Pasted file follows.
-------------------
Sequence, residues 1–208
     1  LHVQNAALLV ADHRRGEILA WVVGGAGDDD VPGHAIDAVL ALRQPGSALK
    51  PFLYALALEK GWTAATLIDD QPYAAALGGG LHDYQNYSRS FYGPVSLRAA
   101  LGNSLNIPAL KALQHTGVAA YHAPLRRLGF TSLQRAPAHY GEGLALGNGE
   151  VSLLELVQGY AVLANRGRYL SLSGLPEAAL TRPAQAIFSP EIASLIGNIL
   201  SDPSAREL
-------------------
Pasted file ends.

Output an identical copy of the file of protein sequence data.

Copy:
Sequence, residues 1–208
     1  LHVQNAALLV ADHRRGEILA WVVGGAGDDD VPGHAIDAVL ALRQPGSALK
    51  PFLYALALEK GWTAATLIDD QPYAAALGGG LHDYQNYSRS FYGPVSLRAA
   101  LGNSLNIPAL KALQHTGVAA YHAPLRRLGF TSLQRAPAHY GEGLALGNGE
   151  VSLLELVQGY AVLANRGRYL SLSGLPEAAL TRPAQAIFSP EIASLIGNIL
   201  SDPSAREL